Adding to concerns about a spiral into chaos was the absence of calls for restraint or calm from any of the parties to the conflict. Both the Brotherhood and the military-backed government seemed to be digging in for a long fight, with little sign that either was prepared to compromise.
The Muslim Brotherhood claimed that 213 people were killed on a day that brought the violence to the heart of the capital and drew in for the first time government-approved Popular Committees, whose members set up checkpoints carrying sticks, machetes and, in some instances, guns. The government declined to issue casualty figures.
The number of dead appeared to be lower than the more than 600 people killed in Egypt on Wednesday. But the Brotherhood put the toll at more than 100 in central Cairo alone, after security forces used live ammunition to suppress demonstrators who had gathered at Ramses Square in what the group called “glorious heroic scenes.”
Violence was also reported in several other cities across Egypt, including Alexandria and Ismailiya, where a video posted on YouTube showed troops opening fire on an unarmed demonstrator who stood in front of a tank. The Brotherhood called for protests to continue for a week longer, to show opposition to last month’s coup and this week’s brutal crackdown on civilian protest camps that ignited the latest wave of violence.
But the government, appointed by the military after the coup, showed no sign of wavering. In a statement on its Facebook page, the cabinet declared that “the Egyptian armed forces, the police and the great people of Egypt are standing as one hand, in the face of the brutal terrorist plot by the Muslim Brotherhood on Egypt.”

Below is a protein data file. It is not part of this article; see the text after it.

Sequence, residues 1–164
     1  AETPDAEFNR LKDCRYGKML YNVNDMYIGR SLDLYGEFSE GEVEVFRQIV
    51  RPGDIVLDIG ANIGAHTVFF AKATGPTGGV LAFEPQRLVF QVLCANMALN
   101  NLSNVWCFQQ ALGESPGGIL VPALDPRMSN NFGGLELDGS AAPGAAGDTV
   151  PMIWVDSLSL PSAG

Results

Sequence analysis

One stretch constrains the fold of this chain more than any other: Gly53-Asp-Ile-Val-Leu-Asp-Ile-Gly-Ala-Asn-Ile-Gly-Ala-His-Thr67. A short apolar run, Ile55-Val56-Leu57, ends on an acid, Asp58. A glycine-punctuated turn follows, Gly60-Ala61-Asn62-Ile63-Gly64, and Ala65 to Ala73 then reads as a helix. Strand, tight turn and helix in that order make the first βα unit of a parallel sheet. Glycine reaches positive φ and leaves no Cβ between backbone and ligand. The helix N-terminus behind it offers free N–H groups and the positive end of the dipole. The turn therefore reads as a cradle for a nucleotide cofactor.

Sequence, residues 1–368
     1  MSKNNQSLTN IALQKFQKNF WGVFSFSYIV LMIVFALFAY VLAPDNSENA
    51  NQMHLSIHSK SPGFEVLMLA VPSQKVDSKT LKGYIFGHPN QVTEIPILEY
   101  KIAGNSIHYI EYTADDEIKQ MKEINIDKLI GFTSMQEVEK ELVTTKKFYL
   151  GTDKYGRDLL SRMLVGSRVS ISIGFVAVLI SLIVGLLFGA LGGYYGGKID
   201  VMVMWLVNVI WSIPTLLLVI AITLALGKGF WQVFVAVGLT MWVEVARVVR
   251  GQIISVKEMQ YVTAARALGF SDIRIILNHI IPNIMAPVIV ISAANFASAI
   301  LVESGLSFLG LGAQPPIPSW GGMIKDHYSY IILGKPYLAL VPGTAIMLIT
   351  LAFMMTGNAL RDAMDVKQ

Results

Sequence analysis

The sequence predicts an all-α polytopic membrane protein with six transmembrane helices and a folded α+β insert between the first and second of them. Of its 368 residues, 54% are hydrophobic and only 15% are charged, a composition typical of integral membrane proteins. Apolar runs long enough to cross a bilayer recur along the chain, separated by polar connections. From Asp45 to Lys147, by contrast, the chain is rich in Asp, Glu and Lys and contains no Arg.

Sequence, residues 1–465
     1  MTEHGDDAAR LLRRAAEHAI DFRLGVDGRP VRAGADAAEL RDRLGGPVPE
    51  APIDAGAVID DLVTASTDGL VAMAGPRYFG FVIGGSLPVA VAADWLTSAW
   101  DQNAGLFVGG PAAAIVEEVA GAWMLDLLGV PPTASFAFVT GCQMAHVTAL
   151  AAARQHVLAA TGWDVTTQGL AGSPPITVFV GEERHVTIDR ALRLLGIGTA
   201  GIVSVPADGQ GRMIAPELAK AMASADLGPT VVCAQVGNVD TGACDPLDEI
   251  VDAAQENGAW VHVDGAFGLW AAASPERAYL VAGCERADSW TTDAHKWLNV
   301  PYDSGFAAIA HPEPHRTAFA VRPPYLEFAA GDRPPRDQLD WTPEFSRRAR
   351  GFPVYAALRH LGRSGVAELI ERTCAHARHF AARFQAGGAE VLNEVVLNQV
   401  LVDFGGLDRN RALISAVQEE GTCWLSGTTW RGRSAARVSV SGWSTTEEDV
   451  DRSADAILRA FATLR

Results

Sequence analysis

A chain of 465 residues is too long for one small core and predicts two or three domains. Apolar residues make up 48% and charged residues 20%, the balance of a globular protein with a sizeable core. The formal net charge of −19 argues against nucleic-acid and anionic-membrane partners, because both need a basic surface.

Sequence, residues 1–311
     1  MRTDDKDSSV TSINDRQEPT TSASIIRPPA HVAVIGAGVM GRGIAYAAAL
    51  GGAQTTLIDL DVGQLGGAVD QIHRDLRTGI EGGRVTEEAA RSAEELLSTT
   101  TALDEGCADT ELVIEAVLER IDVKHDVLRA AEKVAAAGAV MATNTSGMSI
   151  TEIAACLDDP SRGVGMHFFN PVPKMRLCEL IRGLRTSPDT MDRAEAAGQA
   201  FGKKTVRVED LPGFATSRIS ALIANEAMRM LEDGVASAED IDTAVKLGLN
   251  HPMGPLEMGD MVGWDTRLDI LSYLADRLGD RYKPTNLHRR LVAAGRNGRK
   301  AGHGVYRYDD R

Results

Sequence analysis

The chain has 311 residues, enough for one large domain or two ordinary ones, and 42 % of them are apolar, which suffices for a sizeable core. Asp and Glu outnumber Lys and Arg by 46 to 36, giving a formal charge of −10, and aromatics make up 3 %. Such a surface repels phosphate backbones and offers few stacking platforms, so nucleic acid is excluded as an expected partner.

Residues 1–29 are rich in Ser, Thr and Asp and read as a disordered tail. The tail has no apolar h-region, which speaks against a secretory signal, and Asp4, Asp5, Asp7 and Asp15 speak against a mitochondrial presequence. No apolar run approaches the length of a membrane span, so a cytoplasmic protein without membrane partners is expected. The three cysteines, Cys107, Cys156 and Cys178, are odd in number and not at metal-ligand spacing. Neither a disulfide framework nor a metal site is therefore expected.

The language underscored the extent to which Egyptians who rallied behind calls for the overthrow of President Hosni Mubarak in 2011 have turned against one another in the intervening years, culminating in the demonstrations and the coup that deposed the elected government of President Mohamed Morsi on July 3.
The White House had no further comment on the violence, but Susan E. Rice, the national security adviser, briefed President Obama on the situation before he went on a bike ride with his family on Martha’s Vineyard, where he is vacationing. Obama on Thursday announced the cancellation of joint military exercises with Egypt scheduled for next month, but he left $1.3 billion in annual aid to the country untouched.
Two leading Republicans who recently visited Egypt condemned the actions of the interim government. “The massacre of civilians this week in Egypt has brought our long-standing relationship with that country to a fork in the road,” Sens. John McCain (Ariz.) and Lindsey O. Graham (S.C.) said in a joint statement. “The interim civilian government and security forces — backed up, unfortunately, by the military — are taking Egypt down a dark path, one that the United States cannot and should not travel with them.”